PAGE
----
/ November 2, 2015/ Anxiety in Children, Mind & Body, Peaceful Parenting, Self Esteem/ 0 comments

For the sake of our children we must give them self determination Click To Tweet

we need to LIVE the message that there is hope in their futures.
That they can find a way to do whatever they want to.
Life won’t be a ‘chore’.

That 65% of the jobs they might do in the future haven’t yet been invented.
Yes, they COULD do what they love to do, and earn money.
That, yes, they COULD be a youtuber.
Yes, they COULD be famous.
Someone did it, so of course it’s possible.


“The increased psychopathology seems to have nothing to do with realistic dangers and uncertainties in the larger world. The changes do not correlate with economic cycles, wars, or any of the other kinds of world events that people often talk about as affecting children’s mental states. Rates of anxiety and depression among children and adolescents were far lower during the Great Depression, World War II, the Cold War, and the turbulent 1960s and early ‘70s than they are today. The changes seem to have much more to do with the way young people view the world than with the way the world actually is.”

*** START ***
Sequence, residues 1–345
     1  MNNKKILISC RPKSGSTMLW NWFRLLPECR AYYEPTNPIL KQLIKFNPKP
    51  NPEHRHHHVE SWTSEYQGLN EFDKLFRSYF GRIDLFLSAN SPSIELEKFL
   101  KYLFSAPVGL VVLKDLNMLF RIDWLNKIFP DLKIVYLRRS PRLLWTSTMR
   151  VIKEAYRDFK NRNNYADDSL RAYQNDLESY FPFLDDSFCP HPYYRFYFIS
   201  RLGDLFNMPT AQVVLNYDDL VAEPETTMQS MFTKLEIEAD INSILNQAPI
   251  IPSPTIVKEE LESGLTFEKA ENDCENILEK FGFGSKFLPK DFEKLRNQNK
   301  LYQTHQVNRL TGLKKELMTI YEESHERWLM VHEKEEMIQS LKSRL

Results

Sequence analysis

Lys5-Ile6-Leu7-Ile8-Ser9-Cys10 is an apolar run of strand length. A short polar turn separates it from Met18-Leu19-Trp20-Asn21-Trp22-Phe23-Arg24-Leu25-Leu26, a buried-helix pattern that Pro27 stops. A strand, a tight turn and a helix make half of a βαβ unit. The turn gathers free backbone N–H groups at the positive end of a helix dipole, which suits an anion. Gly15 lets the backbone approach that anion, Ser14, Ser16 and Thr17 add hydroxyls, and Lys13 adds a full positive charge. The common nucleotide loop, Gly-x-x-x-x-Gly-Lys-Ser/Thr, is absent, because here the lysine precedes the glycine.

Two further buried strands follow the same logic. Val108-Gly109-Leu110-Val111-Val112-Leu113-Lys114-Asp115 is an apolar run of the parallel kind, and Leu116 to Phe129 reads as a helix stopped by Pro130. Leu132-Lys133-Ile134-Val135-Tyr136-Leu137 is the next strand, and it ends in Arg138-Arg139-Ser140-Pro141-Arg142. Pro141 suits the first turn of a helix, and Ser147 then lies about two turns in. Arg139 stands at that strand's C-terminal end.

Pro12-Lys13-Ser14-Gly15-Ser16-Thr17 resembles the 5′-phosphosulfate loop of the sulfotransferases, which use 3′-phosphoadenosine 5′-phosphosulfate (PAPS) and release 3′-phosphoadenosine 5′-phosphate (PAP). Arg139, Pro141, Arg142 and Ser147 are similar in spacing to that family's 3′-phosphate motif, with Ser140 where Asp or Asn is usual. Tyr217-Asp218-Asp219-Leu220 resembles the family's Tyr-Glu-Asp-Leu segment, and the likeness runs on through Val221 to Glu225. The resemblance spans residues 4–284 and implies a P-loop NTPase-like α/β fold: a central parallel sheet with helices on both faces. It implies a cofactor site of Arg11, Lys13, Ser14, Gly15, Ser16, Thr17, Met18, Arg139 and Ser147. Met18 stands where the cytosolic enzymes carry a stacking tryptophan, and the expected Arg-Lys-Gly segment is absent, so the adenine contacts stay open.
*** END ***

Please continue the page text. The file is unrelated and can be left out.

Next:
Decline in Young People’s Sense of Personal Control Over Their Fate

In his article Peter Gray relates that there has been a marked shift from intrinsic goals to extrinsic goals.  Intrinsic goals are more under our control.  Extrinsic goals are more under someone else’s control (an examiner, a sports scout, an employer, etc).

An increase in focus on extrinsic goals leads to a decrease in our sense of control over our fate, and a decrease in our mental health. Click To Tweet


Traditional schooling is strewn with extrinsic rewards, necessary to get children to engage with tasks that are not immediately meaningful and important to them.
We start very early, with stickers, sweets, happy/sad side boards … to tell children that we are in control of their fates and what their fates should be,

We inculcate them into a belief system that they cannot learn without our expertise, that their judgment is childish and inferior to adult judgment.

We extend, further and further, the bounds of ‘childhood’.
Meanwhile, we restrict, more and more, their freedom to range and take risks.

Instead, we could empower children.
We could facilitate exploration of their interests.
Value play for its importance in learning.

Share this Post

About Sally Lloyd

Sally Lloyd is a classical homeopath working internationally, with special interests in autism, anxiety, children's behaviour disorders, and adrenal fatigue/hypothyroidism. She's the mother of 4 daughters from age 30 to age 10, 2 of whom she still home educates. She's happily married and lives on a small holding in Staffordshire in the UK.

Leave a Comment

Your email address will not be published. Required fields are marked *

You may use these HTML tags and attributes: <a href="" title=""> <abbr title=""> <acronym title=""> <b> <blockquote cite=""> <cite> <code> <del datetime=""> <em> <i> <q cite=""> <s> <strike> <strong>